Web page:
Tax (fraud) season is here

Tax season is prime time for online scams. With the filing deadline just two months away, cyber criminals are hard at work now trying to steal people’s tax refunds, bank accounts and identities.

Last year, the IRS estimates it paid $5.8 billion in bogus refunds. The Federal Trade Commission recently announced that it tracked a nearly 50 percent increase in identity theft complaints in 2015, and by far the biggest contributor to that spike was tax refund fraud.

This year there’s a new attack in the form of an email campaign that delivers malware if you download a booby-trapped Word document. The subject line tends to be something like “URGENT 2015 Tax Return PIN.” Don’t open the document, or you will infect your computer.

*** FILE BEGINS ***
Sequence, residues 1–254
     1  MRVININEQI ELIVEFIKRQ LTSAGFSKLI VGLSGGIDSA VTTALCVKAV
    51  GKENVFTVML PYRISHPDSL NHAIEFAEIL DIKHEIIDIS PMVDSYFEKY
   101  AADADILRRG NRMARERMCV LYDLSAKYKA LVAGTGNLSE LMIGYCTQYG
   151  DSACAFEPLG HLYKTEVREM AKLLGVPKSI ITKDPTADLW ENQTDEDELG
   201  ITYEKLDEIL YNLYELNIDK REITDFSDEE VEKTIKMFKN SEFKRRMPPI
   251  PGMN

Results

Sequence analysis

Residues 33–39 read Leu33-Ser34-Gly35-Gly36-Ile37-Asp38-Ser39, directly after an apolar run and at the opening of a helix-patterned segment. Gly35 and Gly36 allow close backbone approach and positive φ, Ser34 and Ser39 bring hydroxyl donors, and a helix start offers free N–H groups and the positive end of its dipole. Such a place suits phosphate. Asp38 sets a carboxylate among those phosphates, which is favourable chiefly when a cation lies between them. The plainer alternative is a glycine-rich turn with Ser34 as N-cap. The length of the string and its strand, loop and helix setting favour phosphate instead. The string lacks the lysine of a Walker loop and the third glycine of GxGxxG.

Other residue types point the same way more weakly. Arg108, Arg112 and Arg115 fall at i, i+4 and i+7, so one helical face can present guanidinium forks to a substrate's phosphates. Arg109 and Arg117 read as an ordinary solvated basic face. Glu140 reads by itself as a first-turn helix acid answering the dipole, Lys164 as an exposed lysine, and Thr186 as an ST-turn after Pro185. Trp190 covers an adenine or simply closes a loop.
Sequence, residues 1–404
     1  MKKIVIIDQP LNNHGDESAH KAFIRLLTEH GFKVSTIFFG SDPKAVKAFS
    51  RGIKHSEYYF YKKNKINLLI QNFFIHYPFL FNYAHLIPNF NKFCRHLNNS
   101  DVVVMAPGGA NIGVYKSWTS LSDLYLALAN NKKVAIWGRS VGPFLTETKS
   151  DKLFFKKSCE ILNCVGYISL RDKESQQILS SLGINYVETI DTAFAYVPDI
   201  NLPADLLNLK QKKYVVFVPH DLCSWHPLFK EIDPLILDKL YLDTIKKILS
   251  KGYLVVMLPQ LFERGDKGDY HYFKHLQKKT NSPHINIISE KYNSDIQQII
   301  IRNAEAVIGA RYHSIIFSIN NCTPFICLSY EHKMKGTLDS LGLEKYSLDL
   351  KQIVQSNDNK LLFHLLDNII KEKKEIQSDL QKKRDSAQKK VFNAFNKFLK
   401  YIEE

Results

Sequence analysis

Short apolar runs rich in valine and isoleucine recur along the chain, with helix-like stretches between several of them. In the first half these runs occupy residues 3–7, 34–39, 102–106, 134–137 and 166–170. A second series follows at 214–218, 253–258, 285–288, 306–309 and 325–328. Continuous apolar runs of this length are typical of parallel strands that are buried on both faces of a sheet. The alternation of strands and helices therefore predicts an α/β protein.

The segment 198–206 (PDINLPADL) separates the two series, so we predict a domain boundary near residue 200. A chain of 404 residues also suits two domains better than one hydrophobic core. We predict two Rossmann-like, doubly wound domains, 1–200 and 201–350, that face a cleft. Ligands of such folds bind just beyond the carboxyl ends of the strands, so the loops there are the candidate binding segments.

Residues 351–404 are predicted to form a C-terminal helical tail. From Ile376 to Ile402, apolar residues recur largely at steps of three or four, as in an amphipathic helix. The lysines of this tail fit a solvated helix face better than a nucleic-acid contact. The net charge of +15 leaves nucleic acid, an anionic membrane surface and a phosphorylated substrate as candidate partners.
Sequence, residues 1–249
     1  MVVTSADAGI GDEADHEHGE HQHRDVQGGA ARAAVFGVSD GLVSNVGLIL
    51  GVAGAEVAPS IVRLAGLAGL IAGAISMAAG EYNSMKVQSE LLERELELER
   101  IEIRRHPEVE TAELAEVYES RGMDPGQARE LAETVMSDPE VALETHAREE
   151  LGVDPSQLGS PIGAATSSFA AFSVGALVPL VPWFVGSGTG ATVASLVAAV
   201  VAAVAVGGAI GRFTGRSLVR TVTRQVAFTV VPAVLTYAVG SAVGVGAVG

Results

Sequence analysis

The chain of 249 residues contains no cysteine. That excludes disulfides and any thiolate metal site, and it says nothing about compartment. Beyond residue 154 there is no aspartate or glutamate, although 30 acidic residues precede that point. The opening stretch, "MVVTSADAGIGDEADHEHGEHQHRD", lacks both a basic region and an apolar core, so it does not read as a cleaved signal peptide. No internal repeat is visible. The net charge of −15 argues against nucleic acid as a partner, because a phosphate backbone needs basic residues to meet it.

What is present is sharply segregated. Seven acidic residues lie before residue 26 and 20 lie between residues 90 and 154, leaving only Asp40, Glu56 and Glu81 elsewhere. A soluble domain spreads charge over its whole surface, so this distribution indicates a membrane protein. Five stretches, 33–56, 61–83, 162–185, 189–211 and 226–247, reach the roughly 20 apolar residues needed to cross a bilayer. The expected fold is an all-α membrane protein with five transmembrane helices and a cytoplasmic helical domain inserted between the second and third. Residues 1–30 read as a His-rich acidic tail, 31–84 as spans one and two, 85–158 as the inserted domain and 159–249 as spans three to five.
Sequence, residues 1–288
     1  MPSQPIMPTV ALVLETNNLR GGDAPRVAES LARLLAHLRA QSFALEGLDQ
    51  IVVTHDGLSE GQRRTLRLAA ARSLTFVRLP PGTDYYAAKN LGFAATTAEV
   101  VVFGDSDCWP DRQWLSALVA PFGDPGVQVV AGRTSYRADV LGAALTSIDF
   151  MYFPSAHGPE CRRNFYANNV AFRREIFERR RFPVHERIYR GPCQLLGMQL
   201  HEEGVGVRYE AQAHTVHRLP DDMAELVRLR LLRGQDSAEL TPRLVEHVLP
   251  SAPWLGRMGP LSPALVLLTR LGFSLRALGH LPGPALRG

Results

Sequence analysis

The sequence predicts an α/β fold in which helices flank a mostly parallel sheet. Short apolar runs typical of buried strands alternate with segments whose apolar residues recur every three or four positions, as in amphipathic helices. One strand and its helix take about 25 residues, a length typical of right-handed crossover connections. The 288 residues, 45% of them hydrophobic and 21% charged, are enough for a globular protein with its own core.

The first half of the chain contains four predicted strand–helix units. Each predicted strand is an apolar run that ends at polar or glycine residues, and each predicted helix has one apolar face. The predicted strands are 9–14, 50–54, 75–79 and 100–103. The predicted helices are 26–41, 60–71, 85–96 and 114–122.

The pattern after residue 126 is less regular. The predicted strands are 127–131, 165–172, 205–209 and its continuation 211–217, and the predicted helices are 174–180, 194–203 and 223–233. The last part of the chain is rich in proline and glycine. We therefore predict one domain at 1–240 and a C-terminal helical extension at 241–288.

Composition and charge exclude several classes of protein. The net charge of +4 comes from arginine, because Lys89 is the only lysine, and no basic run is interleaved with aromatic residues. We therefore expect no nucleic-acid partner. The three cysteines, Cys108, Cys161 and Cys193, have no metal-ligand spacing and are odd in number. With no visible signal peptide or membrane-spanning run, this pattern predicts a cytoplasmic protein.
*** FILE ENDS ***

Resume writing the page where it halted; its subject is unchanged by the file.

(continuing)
Whether or not you’ve already filed your taxes this season, you can still be vulnerable to tax-related scams. Many schemes claim to have information about your refund or note a problem with your return.

Here are some of the most common email scams to watch out for:

How to avoid becoming a tax-scam victim

Remember:

Questions?

Contact the IT Security Officer if you have a security-related question or suggestion or want to comment on this article.

Published Feb 23, 2016

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